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Scroll Saw?


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Is it possible to use a scroll saw for cutting inlay material (shell)? I've been using a jewelers saw but I'm wondering if I'm doing it the hard way or the right way? One advantage I can think of would be that the cuts would be straight (perpendicular to surface) but I'm wondering if the shell would tend to hop around too much/difficult to control?

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As I said in my post that Wes put up, you can use the scroll saw, that is specifically what I bought it for, however, couple of things to remember.....

1. Variable speed, this is an absolute MUST. When cutting real shell you have to use a slower speed if you are using the fine blades you use in your jewellers saw, also, if going to fast, it will heat up very quickly and it gets almost sticky, the shell will stick to the blade causing it to lift even easier than ever and you will snap blades.

2. Get a HEAVY and SMOOTH one. Spend the dollars to buy a GOOD scroll saw. If it vibrates to much you will break blades non-stop. Also, if it's bouncing around you won't be able to accurately follow a line. The heavier the saw the more solid it will be on your bench and the less residual vibration you will get (your bench will bounce with a light saw doubling the amount of vibration you actually feel on the table of your saw)

3. Use a light weight oil, or an inlay saw blade cutting lubricant. This will help to eliminate the blade sticking. If you use a light weight oil, be sure to clean off your pieces in some gun wash or something (acetone etc) There are blade waxes you can buy which will not affect the gluing of the shell too, but these are harder to apply. I use airtool oil on a paper towel and just rub it against the blade while cutting.

4. Use .040" shell if possible, it just cuts way easier, is less likely to grab, and wont' heat up as much as the .050 or .060 shell.

5. when you want to do very small pieces, like the birds on that dolphin inlay, cut them by hand, the scroll saw will break the little tiny pieces off. Also, it's very difficult to hold the very small pieces and still push them through the blade while holding it down tight to the table. Remember, this time you have to move the piece through the blade, not the blade through the material like with the jewellers saw.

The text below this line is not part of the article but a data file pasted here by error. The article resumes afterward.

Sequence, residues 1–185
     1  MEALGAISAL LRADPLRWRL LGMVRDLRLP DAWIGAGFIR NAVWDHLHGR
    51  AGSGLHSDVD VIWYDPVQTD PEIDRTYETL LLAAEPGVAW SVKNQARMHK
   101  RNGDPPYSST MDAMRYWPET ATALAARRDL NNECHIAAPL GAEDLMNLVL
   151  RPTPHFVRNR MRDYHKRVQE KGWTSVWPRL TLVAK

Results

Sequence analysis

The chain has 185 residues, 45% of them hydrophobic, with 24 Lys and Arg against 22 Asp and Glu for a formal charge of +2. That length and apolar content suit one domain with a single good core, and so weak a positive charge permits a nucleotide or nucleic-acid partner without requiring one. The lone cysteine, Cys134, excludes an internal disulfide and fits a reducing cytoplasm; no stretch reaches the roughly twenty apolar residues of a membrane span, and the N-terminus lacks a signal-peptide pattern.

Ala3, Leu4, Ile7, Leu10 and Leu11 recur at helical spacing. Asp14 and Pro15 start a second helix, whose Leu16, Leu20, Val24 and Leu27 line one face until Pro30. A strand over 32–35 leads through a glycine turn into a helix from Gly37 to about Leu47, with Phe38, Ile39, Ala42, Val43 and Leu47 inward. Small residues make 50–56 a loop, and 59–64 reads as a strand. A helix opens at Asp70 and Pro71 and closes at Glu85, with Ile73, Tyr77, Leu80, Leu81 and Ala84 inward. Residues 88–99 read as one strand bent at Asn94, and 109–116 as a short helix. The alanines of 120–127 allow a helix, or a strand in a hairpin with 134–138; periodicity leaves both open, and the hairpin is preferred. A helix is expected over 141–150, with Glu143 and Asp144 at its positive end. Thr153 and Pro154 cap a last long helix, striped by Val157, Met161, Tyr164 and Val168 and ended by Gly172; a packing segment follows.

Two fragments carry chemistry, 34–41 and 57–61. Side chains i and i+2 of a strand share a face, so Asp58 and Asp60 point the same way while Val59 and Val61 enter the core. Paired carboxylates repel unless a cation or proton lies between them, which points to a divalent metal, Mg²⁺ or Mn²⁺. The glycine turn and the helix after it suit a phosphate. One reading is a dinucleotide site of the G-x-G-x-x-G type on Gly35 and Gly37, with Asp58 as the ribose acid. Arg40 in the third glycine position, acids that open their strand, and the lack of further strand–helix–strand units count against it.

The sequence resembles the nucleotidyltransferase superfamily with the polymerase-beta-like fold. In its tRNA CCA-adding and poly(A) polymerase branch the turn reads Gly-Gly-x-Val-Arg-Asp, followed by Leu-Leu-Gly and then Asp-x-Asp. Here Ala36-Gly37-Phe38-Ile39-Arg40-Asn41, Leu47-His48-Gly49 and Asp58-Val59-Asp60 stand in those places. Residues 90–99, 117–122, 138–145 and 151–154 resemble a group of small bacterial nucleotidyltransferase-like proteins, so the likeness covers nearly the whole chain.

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Thanks LGM,

I really enjoy using the jewelers saw and am getting much better at it. I was just wondering if I was wasting time trying to improve with that tool instead of moving up to a scroll saw.

I'm having some trouble cutting straight lines without little wiggles showing up but I think I will have the hang of it soon. I was also wondering if the scroll saw would help for this since I would be moving the shell (with two hands - probably) BUT - the pieces are small and probably would not survive from what you are telling me.

Thanks again for the great advice. I hope things are going well in your new shop. Thanks for directing me to the info Wes.

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Ironically it's harder to cut a straight line with the scroll saw due to the bouncing action, and the blade moves more in the scroll saw as you don't want to have it as tight as in the jewellers saw or it breaks a little easier.

Here is a picture of the scroll saw I bought


and here is another good reason to have a nice big shop, WINTER STORAGE LOL!!


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